A motion for judgment on the pleadings provides a mechanism by which the court may dispose of a case or a claim as a matter of law. See Fed. R. Civ. 12(c). The standards governing a motion to dismiss under Federal Rule of Civil Procedure 12(b)(6) also govern a party's motion for judgment on the pleadings. Atl. Richfield Co. v. Farm Credit Bank of Wichita, 226 F.3d 1138, 1160 (10th Cir. 2000). For a party to survive a motion to dismiss, and thus a motion for judgment on the pleadings, “a complaint must contain sufficient factual matter, accepted as true, to state a claim to relief that is plausible on its face.” Ashcroft v. Iqbal, 556 U.S. 662, 678 (2009) (internal quotations omitted). A complaint that offers “labels and conclusions” or “a formulaic recitation of the elements of a cause of action” is insufficient to state a claim for relief. Id. (quoting Bell Atl. Corp. v. Twombly, 550 U.S. 544, 555 (2007)). A plaintiff must allege either direct or inferential allegations on all the material elements of a claim and provide enough factual allegations for a court to infer the claim is plausible. See Bryson v. Gonzales, 534 F.3d 1282, 1286 (10th Cir. 2008).

         IV. BACKGROUND REGARDING OPEN RANGE LAW

         At English common law “it was the duty of the owner of livestock to fence them in, and no duty was placed upon the adjoining landowner to fence them out.” Maguire v. Yanke, 590 P.2d 85, 88 (Idaho 1978). New Mexico, like many other western states, rejected the English common law rule for livestock management. Id. & n.1 (and cited cases). New Mexico historically applied the “open range” rule, which relieved an owner of livestock from a duty to keep his livestock off a public highway. Dean v. Biesecker, 1975-NMSC-021, ¶ 5, 87 N.M. 389. Outside of legislatively created “herd law districts, ” see N.M. Stat. Ann. §§ 77-12-1 to -12, a livestock owner had no duty to fence to prevent his cattle from trespassing and was not liable for damage caused by trespassing animals so long as it was not willful. See Grubb v. Wolfe, 1965-NMSC-153, ¶¶ 7-9, 75 N.M. 601. The New Mexico Supreme Court described the reason for the “open range” rule:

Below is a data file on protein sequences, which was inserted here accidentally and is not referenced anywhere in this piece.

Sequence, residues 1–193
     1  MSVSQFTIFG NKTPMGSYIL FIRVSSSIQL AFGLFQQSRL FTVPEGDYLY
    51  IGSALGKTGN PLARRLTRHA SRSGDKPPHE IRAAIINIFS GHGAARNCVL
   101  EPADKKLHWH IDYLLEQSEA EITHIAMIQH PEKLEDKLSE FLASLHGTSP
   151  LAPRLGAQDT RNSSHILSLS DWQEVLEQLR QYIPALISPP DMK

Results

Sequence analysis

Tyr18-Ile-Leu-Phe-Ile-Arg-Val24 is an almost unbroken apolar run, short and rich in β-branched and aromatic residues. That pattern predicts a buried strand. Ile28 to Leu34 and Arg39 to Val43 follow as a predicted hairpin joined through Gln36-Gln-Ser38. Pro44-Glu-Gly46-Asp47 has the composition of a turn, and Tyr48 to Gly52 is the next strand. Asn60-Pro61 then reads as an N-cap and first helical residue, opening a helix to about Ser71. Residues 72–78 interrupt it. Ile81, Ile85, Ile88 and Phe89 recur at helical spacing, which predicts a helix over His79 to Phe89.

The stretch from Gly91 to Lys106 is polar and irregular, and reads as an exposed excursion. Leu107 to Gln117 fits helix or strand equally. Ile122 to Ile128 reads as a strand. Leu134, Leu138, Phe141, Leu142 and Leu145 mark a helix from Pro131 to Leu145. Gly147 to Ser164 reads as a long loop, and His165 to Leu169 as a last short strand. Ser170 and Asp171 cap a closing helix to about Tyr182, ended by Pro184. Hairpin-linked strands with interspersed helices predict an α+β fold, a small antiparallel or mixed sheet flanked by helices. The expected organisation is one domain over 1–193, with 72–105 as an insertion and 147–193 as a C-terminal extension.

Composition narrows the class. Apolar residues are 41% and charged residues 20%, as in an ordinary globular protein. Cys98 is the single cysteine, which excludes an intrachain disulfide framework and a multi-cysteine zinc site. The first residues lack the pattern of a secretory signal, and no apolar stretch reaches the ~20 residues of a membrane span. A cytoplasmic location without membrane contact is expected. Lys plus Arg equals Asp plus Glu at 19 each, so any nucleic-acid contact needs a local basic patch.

New Mexico, as part of the western United States, has always been principally a rural area where most of the land is devoted to the raising of livestock. It is not surprising therefore that at an early date, this court announced that in this state, as in most of the other western states, the rule requiring the owner of domestic animals to confine them on his own grounds or be liable for their trespass on the unenclosed lands of his neighbors, was not recognized. Rather, it was held that the owner of livestock could permit his animals, when not dangerous, to run at large without responsibility for their getting on the property of his neighbor.

Id. ¶ 8. Because western custom permitted cattle to roam at will for pasture, when new waves of immigrants arrived, policymakers decided that cattle owners should not have to incur the large expense of fencing their land. See Maguire, 590 P.2d at 88-89 (quoting Lazarus v. Phelps, 152 U.S. 81, 85 (1894)). New Mexico instead adopted the “fence-out” rule requiring land owners to build a fence meeting statutory-specifications to protect their property from roaming livestock. See N.M. Stat. Ann. § 77-16-1 (1909); Board of County Com'rs of County of Bernalillo v. Benavidez, 2013-NMCA-015 ¶ 6, 292 P.3d 482.

         In 1965, the New Mexico Supreme Court had a case before it in which an owner of a calf that was killed when a motorist hit it sued the motorist for negligence. Grubb, 1965-NMSC-153, ¶¶ 1-2. The Supreme Court concluded that, in a new age of highways and motor vehicle traffic, considerations of public health and safety required a change to impose a duty on cattle owners to use ordinary care in the control of livestock or otherwise be liable for injuries to motorists resulting from collisions with animals due to negligence in permitting them to be in the highway. Id. ¶¶ 10-11. It therefore concluded the trial court did not err in instructing that the plaintiff calf owner had a duty to use ordinary care for the safety of his property. Id. ¶ 15.

         In direct response to the Grubb decision, the New Mexico Legislature in 1966 passed Section 66-7-363(C) providing that owners of livestock ranging in pastures through which “unfenced roads or highways pass” are not liable for damages by reason of injury or damage to persons or property caused by collisions of vehicles and livestock, unless the owner “is guilty of specific negligence other than allowing his animals to range in said pasture.” Benavidez, 2013-NMCA-015, ¶ 7 (quoting N.M. Stat. Ann. § 66-7-363(C)). The Legislature also shifted the responsibility for building and maintaining fences along state highways from cattle owners with property adjacent to highways to the Highway Department. See Fireman's Fund Ins. Co. v. Tucker, 1980-NMSC-082, ¶ 12, 95 N.M. 56 (construing N.M. Stat. Ann. § 30-8-13(B) (enacted by Laws 1966, ch. 44 s 1)). Section 30-8-13(B)(1) imposed a duty on the Highway Department to “construct, inspect regularly and maintain fences along all highways under its jurisdiction.” Lerma by Lerma v. State Highway Department of New Mexico, 1994-NMSC-069, ¶ 5, 877 P.2d 1085 (quoting NMSA 1978, Section 30-8-13(B)(1) (Repl. Pamp. 1984)). The purpose of § 30-8-13(B)(1) was to protect the motoring public by constructing and maintaining fences to prohibit livestock from entering the highway. Id. ¶ 6. With this background in mind, the Court will turn to the issues in this case.

         V. ...